Solar power can provide relief to this segment as the Indian textiles industry is extremely varied, with the hand-spun and hand-woven textiles sectors on one end of the spectrum and the capital-intensive sophisticated mills sector at the other end. Decentralised power looms/hosiery and knitting sector form the largest component of the textiles sector. The close linkage of the textile industry to agriculture (for raw materials such as cotton) and the ancient culture and traditions of the country in terms of textiles make the Indian textiles sector unique when compared to industries in other countries.

The implementation of energy conservation programmes in spinning mills have gained wide acceptance in the backdrop of rising energy costs and energy availability is another factor that needs further development. The Khadi and village industries Commission (KVIC) aims to make lives of its workers much simpler by replacing hand-driven charkha/spinning wheels to solar powered charkha and about 75 to 90 hanks can be produced in the same timeframe. The Indian textile industry has the capacity to produce a wide variety of products suitable to different market segments, both within India and across the world.

Where does India stand as far as solar power is concerned for the textile industry? What are your suggestions for the government to promote this renewable source of energy further?

The Government of India is committed to increased use of clean energy sources and is already undertaking various large-scale sustainable power projects and promoting green energy heavily. In addition, renewable energy has the potential to create many employment opportunities at all levels, especially in rural areas.

The Ministry of New and Renewable Energy (MNRE) has set an ambitious target to set up renewable energy capacities to the tune of 175 GW by 2022 of which about 100 GW is planned for solar, 60 GW for wind and other for hydro, bio, amongst others. The Government has recently approved a new scheme that also covers financial assistance in the form of capital subsidy to small power loom units for installation of solar PV (SPV) plants. The scheme aims to alleviate the problem of power cuts faced by the decentralised powerloom units in the country.

Apart from solar energy, how do you think other sources like wind energy can play a role for the energy-starved textile industry in some areas?

Wind power has a substantial potential in the country and over 35,000 MW capacity has already been installed. The textile industry is one of the early adopters of renewable energy in India and significantly contributed to the growth of renewable energy in the form of wind installations in the country. The textile industry has about 2,700 MW of wind generation capacity in Tamil Nadu alone. It plays an important role for the energy-starved textile industry.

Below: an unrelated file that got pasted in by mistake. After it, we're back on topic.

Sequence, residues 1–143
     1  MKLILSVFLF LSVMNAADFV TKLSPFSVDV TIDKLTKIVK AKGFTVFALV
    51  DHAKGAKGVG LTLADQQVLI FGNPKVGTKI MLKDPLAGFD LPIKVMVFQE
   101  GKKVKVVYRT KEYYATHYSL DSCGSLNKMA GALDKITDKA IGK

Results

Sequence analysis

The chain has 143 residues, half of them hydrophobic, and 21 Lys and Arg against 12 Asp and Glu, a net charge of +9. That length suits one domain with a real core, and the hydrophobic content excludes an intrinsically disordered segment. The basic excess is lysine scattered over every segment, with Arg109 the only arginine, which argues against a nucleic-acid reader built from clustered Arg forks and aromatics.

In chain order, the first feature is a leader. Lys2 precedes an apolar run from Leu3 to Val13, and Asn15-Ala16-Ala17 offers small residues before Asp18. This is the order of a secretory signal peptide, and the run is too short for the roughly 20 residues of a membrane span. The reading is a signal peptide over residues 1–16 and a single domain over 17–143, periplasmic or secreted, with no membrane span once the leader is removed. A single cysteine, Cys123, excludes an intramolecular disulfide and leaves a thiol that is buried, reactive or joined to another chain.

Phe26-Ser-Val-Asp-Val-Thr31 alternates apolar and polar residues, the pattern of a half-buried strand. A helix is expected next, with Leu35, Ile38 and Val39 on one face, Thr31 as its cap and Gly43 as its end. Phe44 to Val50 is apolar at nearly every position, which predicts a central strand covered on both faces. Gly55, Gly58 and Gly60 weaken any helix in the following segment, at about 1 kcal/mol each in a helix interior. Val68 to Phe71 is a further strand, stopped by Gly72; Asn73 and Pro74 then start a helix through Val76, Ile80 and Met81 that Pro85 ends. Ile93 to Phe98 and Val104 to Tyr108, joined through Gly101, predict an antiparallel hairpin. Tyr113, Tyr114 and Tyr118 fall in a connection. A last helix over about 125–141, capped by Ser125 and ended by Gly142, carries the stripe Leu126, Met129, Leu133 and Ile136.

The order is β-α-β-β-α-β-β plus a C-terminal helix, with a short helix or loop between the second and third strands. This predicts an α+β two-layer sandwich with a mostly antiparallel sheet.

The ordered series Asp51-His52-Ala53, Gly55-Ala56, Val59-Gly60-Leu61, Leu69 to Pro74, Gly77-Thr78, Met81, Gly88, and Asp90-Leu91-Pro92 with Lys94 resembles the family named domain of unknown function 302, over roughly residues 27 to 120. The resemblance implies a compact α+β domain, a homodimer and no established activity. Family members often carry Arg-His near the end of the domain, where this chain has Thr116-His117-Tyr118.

Give us a view of the prospects of solar energy for the textile industry in coming years.

The future of solar energy considers only the two widely recognised classes of technologies for converting solar energy into electricity—photovoltaics (PV) and concentrated solar power (CSP), sometimes called solar thermal—in their current and plausible future forms, because energy supply facilities typically last several decades, technologies in these classes will dominate solar-powered generation between now and 2050. Most textile factories have vast unshaded roof area and vast tracts of unused land. Setting up of solar plants in these unused areas is a relatively easy task when it comes to energy savings and reducing carbon footprint.

As per the India Brand Equity Foundation, around 293 global and domestic companies have committed to generate 266 GW of solar, wind, mini-hydel and biomass-based power in India over the next 5–10 years. The initiative would entail an investment of about $310–350 billion. Sensing the economical prospect of solar energy, the textile industry in India is getting assertive towards the use of solar energy. Textile sector contributes around 14 per cent to industrial production, 4 per cent to India’s GDP and constitutes 13 per cent of the country’s export earnings. The drop in solar module prices and the growth of the solar ecosystem has created an ideal situation for more widespread adaption of solar PV systems. The textile industry will benefit hugely by deploying solar projects in large scale in coming years.